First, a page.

In response to the food crisis that the first generation biofuel is causing (partially), an industrial producer of enzymes based in Denmark, Novozymes, has recently launched a new enzyme called Novozymes Avantec, which is claimed to produce 2.5% more bioethanol from corn.
Biofuel production in the U.S. is mostly generated from corn, and the new enzyme could produce the same amount of bioethanol using much fewer corns, enabling more corn products allotted for the food sector. According to Novozymes’ executive vice president Peder Holk Nielsen, “if all ethanol plants in the US started using Avantec, they would save 3 million tonnes of corn.”
The new enzyme is not actually a revolutionary one, but it is “very smart to use the resources more efficiently,” according to Claus Felby, University of Copenhagen’s professor in biomass and bioenergy. He justifies the utilization of corn as a biofuel source saying, “First generation bioethanol is often criticised. But one tends to forget that just as much animal feed is produced when you produce ethanol from corn.”
First generation biofuels are known to impede food production as they make use of food products such as corn, sugar, and vegetable oil, leading to food shortage that impacts poorer nations. Second generation biofuels attract more enthusiasts as they take advantage of non-food products and other sustainable feedstock such as algae, wood chips, and biowastes.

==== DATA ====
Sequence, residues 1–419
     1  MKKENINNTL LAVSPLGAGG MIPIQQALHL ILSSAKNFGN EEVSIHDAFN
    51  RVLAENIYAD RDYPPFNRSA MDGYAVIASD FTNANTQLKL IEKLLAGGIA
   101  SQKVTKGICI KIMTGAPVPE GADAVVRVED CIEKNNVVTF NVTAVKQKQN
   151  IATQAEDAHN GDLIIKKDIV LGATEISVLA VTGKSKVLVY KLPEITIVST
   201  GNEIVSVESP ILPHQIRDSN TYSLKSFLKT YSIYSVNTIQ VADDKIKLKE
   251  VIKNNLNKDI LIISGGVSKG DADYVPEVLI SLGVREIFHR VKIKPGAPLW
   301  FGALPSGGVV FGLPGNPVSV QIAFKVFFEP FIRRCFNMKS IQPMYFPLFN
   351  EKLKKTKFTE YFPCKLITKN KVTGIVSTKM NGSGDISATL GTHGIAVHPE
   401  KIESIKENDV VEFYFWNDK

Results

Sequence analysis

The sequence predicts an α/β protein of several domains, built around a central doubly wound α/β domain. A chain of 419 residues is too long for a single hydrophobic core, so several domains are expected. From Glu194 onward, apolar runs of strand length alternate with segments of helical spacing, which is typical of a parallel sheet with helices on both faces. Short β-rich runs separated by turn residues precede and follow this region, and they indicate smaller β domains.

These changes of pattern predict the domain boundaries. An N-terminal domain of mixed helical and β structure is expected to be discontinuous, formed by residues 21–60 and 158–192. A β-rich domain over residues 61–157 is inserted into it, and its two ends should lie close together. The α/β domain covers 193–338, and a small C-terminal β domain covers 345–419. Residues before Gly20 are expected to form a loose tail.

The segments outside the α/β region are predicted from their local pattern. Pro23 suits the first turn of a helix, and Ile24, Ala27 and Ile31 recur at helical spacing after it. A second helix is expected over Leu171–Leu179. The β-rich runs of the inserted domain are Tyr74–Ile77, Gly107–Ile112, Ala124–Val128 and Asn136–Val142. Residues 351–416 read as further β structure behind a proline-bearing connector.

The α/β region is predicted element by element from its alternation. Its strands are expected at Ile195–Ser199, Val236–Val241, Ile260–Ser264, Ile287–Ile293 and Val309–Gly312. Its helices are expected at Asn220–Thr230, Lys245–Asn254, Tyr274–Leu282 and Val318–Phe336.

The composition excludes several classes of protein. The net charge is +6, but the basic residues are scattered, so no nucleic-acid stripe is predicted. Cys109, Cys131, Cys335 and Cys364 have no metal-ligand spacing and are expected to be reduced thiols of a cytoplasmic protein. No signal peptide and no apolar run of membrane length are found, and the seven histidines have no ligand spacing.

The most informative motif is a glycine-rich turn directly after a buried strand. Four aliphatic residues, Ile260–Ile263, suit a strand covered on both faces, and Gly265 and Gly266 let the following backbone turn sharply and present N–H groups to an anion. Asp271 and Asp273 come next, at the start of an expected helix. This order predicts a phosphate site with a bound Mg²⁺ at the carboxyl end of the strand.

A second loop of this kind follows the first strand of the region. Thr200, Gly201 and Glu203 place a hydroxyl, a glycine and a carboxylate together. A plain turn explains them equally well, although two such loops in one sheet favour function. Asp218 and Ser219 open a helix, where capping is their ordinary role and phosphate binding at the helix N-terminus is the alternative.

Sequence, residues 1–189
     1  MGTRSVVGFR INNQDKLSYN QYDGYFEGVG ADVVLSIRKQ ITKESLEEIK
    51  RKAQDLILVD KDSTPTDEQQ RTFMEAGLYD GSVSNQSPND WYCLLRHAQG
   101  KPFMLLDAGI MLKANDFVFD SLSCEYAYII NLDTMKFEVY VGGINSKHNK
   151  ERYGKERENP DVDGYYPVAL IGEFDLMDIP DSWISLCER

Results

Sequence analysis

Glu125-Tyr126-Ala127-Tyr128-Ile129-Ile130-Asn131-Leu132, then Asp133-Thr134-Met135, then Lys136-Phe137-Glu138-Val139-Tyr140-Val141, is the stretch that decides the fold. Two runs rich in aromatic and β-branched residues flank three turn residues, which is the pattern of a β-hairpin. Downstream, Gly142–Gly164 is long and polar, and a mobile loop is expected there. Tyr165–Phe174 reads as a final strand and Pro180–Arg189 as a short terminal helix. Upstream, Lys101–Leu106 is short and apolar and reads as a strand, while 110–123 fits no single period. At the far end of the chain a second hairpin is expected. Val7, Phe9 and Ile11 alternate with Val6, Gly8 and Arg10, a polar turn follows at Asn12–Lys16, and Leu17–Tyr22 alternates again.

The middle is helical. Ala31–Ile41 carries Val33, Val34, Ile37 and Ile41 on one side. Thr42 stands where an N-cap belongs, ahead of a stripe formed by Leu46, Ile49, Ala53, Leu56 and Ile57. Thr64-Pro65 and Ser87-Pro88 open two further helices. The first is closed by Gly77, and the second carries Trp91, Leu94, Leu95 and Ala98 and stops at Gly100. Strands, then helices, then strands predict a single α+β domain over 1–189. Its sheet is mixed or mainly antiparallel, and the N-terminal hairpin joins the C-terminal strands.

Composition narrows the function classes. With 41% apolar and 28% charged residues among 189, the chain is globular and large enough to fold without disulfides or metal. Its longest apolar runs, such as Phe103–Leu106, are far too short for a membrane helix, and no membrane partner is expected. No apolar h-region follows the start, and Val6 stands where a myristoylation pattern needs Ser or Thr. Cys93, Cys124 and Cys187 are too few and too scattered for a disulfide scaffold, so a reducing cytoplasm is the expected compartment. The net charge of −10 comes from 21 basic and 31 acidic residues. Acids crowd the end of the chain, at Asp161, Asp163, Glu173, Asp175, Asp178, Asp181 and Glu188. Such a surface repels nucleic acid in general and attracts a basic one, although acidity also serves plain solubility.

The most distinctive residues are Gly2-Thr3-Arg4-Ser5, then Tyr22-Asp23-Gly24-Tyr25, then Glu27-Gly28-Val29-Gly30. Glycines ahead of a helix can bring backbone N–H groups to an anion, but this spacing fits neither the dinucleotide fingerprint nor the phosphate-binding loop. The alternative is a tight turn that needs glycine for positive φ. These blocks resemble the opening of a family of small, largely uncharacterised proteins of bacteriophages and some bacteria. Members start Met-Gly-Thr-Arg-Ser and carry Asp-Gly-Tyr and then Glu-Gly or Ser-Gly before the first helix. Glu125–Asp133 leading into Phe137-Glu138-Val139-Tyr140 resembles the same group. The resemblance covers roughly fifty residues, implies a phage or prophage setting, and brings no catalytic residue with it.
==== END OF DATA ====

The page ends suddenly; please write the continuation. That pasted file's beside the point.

Inevitably, first generation biofuel critics have come forward to suggest Novozymes to focus on developing enzymes that would benefit second generation biofuels instead. “There’s a world of difference between worsening a food crisis and … taking real waste and using that as a resource,” says Dan Belusa, a sustainable agriculture campaigner of Greenpeace in Copenhagen.
Second generation biofuels are undoubtedly a better option for renewable energy production as they maximize the purpose or usability of every bit of unused materials, making sure that nothing is put to waste. Nevertheless, while the biofuel industry is still in a transitional phase, it is certainly wiser to make use of food-based biofuel sources more efficiently.
[via Nine MSN]